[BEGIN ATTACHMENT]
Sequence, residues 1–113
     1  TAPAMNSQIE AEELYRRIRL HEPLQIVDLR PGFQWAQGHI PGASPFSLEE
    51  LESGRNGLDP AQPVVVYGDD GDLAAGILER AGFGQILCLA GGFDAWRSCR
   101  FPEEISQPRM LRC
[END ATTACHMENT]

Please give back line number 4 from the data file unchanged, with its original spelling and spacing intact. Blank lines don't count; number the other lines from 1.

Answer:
   101  FPEEISQPRM LRC